Ithaca, NY— One back yard at a time, participants in Project FeederWatch are doing their part to unravel nature’s mysteries—simply by sharing information about the birds that visit their feeders from November to April. New participants can join at any time.
People of all ages and skill levels can be FeederWatchers and do their part to help researchers better understand trends in bird populations. Participants count the numbers and different species of birds at their feeders and enter their information on the FeederWatch website at www.FeederWatch.org.
By collecting information from all these feeders in all these back yards, scientists at the Cornell Lab of Ornithology are able to track patterns in bird populations and movement from year to year, all across North America.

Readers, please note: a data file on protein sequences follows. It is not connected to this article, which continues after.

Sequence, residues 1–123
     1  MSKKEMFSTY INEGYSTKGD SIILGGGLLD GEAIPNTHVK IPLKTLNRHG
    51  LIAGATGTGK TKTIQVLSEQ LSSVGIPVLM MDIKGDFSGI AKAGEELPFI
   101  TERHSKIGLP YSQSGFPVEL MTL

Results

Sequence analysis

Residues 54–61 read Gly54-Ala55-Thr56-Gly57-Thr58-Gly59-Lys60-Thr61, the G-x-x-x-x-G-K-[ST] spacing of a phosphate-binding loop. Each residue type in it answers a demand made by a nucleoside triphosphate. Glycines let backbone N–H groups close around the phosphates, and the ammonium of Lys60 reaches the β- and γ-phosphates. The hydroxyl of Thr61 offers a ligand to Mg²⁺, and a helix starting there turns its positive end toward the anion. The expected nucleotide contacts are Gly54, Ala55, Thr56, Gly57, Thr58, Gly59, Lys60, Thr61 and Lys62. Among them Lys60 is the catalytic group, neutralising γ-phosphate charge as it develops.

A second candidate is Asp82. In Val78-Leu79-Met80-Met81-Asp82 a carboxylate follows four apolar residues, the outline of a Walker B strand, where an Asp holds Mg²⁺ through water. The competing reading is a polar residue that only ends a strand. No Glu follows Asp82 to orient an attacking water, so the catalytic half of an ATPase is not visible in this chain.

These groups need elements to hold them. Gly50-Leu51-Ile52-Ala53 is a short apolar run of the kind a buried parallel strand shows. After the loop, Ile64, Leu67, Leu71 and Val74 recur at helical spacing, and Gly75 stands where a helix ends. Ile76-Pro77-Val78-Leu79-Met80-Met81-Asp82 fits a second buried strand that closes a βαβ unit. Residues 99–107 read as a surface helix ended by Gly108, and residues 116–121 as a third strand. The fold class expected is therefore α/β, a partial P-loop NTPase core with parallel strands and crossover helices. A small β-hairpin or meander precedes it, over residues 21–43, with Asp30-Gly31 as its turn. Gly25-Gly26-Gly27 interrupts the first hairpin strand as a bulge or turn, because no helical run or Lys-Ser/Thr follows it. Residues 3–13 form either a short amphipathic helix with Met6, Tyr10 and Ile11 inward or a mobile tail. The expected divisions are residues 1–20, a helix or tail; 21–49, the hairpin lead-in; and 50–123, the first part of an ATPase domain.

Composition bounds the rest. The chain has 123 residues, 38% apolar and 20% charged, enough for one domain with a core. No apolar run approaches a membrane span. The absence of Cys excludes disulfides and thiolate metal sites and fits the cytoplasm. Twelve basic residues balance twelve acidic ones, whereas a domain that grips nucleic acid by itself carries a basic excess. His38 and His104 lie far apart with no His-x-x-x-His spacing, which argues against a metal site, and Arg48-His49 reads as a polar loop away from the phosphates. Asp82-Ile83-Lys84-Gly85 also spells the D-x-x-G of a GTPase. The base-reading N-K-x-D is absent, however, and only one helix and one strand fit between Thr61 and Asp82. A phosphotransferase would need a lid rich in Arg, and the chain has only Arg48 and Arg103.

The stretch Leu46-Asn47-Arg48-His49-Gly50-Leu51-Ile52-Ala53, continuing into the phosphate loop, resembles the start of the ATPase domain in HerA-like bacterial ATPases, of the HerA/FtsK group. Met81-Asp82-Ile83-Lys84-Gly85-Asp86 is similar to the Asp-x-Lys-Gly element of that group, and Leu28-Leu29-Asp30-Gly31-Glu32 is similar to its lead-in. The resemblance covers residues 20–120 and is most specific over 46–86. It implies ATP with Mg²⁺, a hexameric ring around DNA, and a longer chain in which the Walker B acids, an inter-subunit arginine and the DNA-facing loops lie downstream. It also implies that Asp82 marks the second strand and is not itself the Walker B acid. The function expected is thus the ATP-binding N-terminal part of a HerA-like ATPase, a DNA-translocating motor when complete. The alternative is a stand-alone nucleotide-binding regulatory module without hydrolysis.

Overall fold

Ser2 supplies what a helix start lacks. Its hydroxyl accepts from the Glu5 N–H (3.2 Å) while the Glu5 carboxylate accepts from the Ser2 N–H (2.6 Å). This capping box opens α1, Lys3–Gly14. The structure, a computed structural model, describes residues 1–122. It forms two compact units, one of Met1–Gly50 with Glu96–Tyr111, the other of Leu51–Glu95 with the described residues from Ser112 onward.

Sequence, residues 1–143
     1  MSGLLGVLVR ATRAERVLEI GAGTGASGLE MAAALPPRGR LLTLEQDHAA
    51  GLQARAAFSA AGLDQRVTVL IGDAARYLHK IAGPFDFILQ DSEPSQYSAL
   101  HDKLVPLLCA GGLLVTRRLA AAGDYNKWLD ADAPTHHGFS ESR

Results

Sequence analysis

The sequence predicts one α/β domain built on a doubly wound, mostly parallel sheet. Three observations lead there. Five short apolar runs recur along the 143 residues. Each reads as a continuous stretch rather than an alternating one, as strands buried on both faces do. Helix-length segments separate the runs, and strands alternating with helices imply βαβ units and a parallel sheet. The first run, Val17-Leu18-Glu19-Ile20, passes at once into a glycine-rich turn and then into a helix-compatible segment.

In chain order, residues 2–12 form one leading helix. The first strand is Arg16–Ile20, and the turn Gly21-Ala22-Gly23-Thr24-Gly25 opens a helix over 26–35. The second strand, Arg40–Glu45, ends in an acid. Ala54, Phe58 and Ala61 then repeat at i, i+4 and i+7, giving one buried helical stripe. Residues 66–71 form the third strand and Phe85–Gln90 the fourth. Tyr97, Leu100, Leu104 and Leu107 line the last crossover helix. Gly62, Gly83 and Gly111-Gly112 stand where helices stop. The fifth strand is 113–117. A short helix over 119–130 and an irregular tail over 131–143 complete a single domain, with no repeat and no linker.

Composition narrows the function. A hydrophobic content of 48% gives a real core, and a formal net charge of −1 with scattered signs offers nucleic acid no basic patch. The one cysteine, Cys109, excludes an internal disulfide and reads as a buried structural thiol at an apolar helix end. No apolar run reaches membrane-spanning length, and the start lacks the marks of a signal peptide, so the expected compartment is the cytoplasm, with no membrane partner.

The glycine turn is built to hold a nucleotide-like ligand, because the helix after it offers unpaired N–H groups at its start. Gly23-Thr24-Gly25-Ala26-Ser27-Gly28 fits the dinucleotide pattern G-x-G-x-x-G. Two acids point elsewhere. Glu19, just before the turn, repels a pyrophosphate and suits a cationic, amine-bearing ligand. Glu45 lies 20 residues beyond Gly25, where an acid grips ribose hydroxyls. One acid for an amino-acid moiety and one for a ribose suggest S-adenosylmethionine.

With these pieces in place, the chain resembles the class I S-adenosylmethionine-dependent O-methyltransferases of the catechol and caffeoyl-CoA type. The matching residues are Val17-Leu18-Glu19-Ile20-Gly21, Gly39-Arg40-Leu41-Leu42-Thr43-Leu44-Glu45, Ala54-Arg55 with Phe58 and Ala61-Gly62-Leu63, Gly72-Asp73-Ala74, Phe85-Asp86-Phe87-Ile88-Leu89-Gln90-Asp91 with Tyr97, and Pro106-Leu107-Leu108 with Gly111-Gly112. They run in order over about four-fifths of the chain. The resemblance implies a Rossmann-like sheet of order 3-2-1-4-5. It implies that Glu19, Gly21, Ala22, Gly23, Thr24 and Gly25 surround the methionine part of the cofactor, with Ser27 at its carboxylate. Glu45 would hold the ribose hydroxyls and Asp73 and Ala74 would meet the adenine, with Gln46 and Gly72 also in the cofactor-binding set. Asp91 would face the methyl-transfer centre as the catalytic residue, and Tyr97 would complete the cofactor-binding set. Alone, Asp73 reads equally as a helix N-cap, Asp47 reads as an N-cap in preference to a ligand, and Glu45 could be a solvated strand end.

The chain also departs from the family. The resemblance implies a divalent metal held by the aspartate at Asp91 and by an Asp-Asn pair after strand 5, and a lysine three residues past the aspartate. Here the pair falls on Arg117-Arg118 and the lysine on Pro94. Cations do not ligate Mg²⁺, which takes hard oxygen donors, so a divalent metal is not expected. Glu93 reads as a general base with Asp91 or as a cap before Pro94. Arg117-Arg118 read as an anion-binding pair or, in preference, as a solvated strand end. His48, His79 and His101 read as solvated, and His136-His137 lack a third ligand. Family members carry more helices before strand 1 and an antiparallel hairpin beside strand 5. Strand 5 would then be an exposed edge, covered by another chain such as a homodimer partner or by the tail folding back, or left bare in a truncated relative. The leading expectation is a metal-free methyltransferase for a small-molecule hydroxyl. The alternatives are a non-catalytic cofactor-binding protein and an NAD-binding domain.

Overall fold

Here are just a few key findings based on nearly a quarter-century of FeederWatch data:
- Populations of Evening Grosbeaks, once one of our most common backyard birds, continue to decline.
- Many species are expanding their ranges to the north, including Northern Cardinals and Anna’s Hummingbirds.
- The non-native Eurasian Collared-Dove is invading North America at an unprecedented rate – it is now found in backyards from Florida to Alaska.
To learn more about joining Project FeederWatch and to sign up, visit www.FeederWatch.org.